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Hezbollah Launches Massive Rocket Barrage on Israel’s North

Attack in response to fatal IDF strike against key terrorist operative in southern Lebanon.
Hezbollah forces in Lebanon. wnd.com
Hezbollah forces in Lebanon. wnd.com

Israel's north came under heavy bombardment today, as Iranian Shi'ite proxy group Hezbollah responded to the IDF's killing yesterday of one of its senior commanders, Muhammad Nimah Nasser, also known as Abu Nimah.

Hezbollah claimed to Al-Jazeera that it had fired some 200 rockets and at least 20 drones at targets in northern Israel, several of them thought to be IDF military bases. The IDF subsequently released a statement saying Hezbollah fired 160 rockets at northern Israel, and launched 15 drones; the majority of which were shot down.

Sirens blared for several hours of Thursday morning across large swathes of northern Israel, including the areas that abut the Lebanese border, as well as parts of the Western Galilee, including Acre and Nahariya. In the Golan, which stretches from the banks of the Sea of Galilee to the border area between Lebanon and Syria, there were also several incoming drone and rocket alert sirens. There were reports in Katzrin, a town with a population of some 7,500 people that lies about 50 kilometers south of Israel's highest point – Mt. Hermon – and only approximately 12 miles from Lebanon's southernmost settlement, of power outages.

In response, Israel Air Force jets hit multiple targets in southern Lebanon. A post in Hebrew on the official IDF X account said, "Following the activation of alerts in the north of the country regarding the infiltration of hostile aircraft and the firing of missiles and rockets, suspicious aerial targets and launches that crossed from Lebanon were identified. The air defense fighters and fighter jets… successfully intercepted several targets and launchers." Indeed, Lebanon's National News Agency reported Israeli jets broke the sound barrier in Beirut and other parts of Lebanon.

The barrages sparked numerous fires across northern Israel, which has experienced temperatures well above 90 degrees Fahrenheit for several weeks, turning grassland into tinder. Indeed, while the Israeli government officially evacuated tens of thousands of people from border towns in the north to places farther south, some agricultural workers still remain, including those who work in the many vineyards dotted around that part of the country. It is estimated that some 4,100 acres of forested land have been burned since Hezbollah started launching rockets on October 8, 2023. Israel is perhaps the only country on the planet that ended the twentieth century with more trees than it had started with 100 years previously.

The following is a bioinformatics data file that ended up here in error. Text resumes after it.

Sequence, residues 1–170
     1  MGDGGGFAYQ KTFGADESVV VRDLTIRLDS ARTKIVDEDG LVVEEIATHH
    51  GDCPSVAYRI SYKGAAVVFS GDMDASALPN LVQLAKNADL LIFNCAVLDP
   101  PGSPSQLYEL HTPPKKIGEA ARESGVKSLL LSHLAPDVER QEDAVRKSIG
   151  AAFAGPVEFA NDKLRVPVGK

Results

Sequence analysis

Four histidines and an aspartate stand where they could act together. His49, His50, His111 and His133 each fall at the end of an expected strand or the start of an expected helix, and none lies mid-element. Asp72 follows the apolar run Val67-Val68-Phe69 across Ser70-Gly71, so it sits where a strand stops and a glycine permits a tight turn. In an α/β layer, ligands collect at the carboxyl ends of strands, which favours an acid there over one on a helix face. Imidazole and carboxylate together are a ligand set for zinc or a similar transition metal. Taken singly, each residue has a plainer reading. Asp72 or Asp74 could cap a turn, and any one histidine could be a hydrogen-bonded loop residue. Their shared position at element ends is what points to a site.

Tensions remain very high in the region, in spite of some evidence of marginal progress regarding a ceasefire between Hamas and Israel in Gaza. According to reports in both the Israeli and wider media, a halt to the fighting in the coastal enclave would provide Hezbollah with an off-ramp to de-escalate the situation on Israel's northern border. Indeed, Israel's Prime Minister Benjamin Netanyahu is due to speak with U.S. President Joe Biden today about the Gaza situation. This will be followed in the evening with Netanyahu holding a cabinet meeting to come up with a reply to Hamas' latest response to a proposal for a hostage deal and possible pause to the war.

The IDF top brass has intimated that the war against Hamas should be drawn down. They have argued about a lack of remaining significant targets, as well as already having carried out a largely successful campaign of greatly reducing Hamas' fighting capabilities. They also seem to understand the need to potentially focus on the much bigger issue of the threat Hezbollah faces across the northern border. However, it appears the military rationale for ceasing the fighting and the requirements of political expediency are misaligned.

At a memorial event for Hezbollah's slain commander, another senior leader warned Israel that the terrorist group would aim its missiles at new and unexpected sites. Hashem Safieddine said, "The series of responses continues in succession, and this series will continue to target new sites that the enemy did not imagine would be hit," according to the Times of Israel.

Meanwhile, Israeli-Arab influencer Yoseph Haddad took to his social media channels and warned his hundreds of thousands of followers, "We've lost the north. Hezbollah is firing missiles and launching drones with impunity; it doesn't matter which leader we've eliminated, if we allow this to continue without declaring war. What are we waiting for? That they will repeat the slaughter of October 7?! If there are rockets falling on Akko, it is time that missiles will fall on Hezbollah areas - including Beirut."

"The people of the north have for nine months been evicted from their homes; and Hezbollah struts around as if they own the place. It's a security weakness that is impossible to live with. If we don't have leaders who are prepared to release the IDF from its shackles and act in a way that the people would support to relieve the north, then make way for leadership that does have the balls to do the necessary work."

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